Interviewing a Family Law solicitor

When you first meet with any solicitor, we always suggest taking a notepad and pen. You’ll be given lots of information and you may be asked to get some further information or take certain steps to help strengthen your position. So it’s always handy to make a quick note of what you need to do!

No doubt after your appointment you’ll be asked by your friends and family how it went, so these notes can help you to process everything and decide what to do next.

During the appointment, you should ask the following questions:

1. Are you qualified?

We would strongly recommend getting advice from a qualified lawyer such as a solicitor or legal executive and choose one who specialises in Family Law.

Although some firms employ ‘legal advisors’, they are usually unqualified and are not subject to the strict codes of conduct set by the Solicitors Regulatory Authority. Also, solicitors who dabble in lots of different areas of law may not have in-depth knowledge of family law and may give out-of-date advice. Jack of all trades … master of none.

All of our family solicitors are qualified and only deal with family law cases. What’s more, two of our solicitors are accredited members of the Family Law Panel which recognises their expertise in this area.

2. Are you a member of Resolution?

Resolution is an organisation that encourages solicitors and clients to deal with family law cases in a constructive and amicable way.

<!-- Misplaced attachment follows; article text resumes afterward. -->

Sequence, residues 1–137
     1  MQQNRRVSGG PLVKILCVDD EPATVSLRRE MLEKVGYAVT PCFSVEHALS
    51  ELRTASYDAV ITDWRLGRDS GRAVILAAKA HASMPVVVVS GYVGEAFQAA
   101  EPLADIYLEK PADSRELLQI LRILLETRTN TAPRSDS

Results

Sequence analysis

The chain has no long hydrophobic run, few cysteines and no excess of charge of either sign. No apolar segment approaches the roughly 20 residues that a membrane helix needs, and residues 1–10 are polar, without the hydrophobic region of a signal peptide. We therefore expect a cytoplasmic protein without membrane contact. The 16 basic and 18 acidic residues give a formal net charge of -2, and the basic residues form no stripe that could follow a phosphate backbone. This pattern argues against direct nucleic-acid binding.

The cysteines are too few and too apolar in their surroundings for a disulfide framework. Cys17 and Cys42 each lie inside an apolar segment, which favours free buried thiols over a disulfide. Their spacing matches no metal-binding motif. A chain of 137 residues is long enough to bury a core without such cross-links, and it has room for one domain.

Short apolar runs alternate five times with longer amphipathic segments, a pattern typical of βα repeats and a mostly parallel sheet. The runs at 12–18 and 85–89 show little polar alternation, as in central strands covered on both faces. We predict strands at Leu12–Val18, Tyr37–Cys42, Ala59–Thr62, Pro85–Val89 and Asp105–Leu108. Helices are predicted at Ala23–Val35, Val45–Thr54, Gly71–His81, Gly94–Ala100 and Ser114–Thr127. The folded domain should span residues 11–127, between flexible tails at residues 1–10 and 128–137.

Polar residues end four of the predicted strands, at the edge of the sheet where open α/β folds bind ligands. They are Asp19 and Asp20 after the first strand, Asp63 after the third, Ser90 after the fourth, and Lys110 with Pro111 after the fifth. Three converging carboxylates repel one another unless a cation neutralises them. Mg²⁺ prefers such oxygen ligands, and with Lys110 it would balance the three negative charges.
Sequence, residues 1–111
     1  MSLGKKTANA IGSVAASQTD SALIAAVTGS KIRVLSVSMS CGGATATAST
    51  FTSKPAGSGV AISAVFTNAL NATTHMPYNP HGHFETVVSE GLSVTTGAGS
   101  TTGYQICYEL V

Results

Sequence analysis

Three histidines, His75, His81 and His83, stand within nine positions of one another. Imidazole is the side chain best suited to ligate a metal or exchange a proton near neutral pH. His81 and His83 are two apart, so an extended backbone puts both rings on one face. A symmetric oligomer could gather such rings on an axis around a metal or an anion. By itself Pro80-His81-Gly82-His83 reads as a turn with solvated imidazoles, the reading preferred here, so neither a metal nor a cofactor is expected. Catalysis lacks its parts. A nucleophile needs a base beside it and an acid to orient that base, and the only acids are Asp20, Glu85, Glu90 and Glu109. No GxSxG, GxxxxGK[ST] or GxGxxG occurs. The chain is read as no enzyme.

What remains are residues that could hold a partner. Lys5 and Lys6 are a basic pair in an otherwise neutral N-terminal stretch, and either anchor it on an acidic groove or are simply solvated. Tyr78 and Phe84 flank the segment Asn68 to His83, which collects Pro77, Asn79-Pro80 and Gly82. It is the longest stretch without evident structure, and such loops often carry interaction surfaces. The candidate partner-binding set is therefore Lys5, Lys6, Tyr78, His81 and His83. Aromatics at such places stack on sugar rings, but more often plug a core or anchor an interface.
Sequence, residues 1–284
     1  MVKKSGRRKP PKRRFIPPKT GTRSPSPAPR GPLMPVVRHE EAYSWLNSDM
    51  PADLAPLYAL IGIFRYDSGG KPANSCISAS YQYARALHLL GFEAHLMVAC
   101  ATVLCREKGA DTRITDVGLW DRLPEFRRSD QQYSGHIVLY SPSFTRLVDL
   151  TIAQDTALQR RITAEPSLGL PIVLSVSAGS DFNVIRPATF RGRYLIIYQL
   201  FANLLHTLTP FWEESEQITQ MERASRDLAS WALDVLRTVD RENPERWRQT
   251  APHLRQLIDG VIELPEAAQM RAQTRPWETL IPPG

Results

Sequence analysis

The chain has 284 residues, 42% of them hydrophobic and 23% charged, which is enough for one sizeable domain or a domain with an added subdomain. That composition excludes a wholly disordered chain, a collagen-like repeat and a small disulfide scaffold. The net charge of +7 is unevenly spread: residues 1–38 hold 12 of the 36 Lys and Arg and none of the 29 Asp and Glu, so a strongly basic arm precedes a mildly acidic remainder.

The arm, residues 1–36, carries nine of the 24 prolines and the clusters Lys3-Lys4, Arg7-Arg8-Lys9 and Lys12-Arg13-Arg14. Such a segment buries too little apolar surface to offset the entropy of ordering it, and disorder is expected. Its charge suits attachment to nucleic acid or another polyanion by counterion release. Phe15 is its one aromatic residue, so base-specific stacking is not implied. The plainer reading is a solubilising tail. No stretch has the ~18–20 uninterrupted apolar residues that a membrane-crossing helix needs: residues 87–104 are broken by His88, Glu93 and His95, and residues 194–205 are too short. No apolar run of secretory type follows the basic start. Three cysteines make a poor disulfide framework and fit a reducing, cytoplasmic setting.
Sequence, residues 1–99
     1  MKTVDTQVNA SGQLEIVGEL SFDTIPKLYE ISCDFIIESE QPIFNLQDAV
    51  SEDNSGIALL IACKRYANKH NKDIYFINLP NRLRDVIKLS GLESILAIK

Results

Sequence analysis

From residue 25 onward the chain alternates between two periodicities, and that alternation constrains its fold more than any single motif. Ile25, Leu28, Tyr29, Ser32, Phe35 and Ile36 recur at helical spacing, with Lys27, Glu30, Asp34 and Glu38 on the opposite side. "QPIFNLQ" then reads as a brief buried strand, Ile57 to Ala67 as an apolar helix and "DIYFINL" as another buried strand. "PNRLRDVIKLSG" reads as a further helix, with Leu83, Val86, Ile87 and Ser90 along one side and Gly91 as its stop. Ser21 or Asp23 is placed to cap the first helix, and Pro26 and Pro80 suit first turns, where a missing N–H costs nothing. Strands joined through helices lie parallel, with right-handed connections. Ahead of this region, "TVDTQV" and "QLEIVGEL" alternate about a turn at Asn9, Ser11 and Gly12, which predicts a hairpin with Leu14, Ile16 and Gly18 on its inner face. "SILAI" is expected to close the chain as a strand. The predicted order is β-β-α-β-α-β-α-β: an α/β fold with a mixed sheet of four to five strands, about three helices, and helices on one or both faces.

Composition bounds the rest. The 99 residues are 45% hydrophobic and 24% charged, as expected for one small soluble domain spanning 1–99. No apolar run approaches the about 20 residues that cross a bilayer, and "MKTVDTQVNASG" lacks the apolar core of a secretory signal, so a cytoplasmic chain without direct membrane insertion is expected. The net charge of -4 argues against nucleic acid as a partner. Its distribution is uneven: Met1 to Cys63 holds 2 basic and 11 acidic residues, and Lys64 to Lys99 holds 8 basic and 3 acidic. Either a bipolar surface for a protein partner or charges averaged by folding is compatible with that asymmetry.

The emphasis is on getting things done and resolving problems with as little conflict as possible. This gives you the very best opportunity of building a happy and positive future. Solicitors who are members of Resolution avoid using inflammatory language, don’t send unnecessary letters (which avoids pushing your costs up unnecessarily!) and they put the children above everything else.

All of our solicitors are very proud to say they are members of Resolution. This doesn’t mean we will advise you to give in or roll over, it just means we don’t cause you more problems than you’ve already got.

3. How much will my case cost?

Solicitors must give clear costs estimates to clients, taking account of all aspects of your case. You should specifically ask if the information you receive is a fixed fee or an estimate, whether it includes VAT, court fees or disbursements, and whether it has been tailored to your case or is just a general estimate given to all clients.

Although it can be difficult to give clients an exact quote in family law, we believe in transparency and give accurate cost information throughout your matter.

4. How long will my case take?

It can be difficult to give clients this information, but your solicitor should be able to give you a rough idea of when your issues will be resolved. They should keep this under review as your case progresses and let you know if they think it will take longer than anticipated.

5. What are my options for resolving my issue?

There are nearly always lots of different ways of resolving your issue, such as mediation, negotiation through solicitors, applying to court or dealing with it yourself with the help of a solicitor in the background. If your solicitor seems to be giving you only one option, they may be looking to push up your costs.

6. What are your funding options?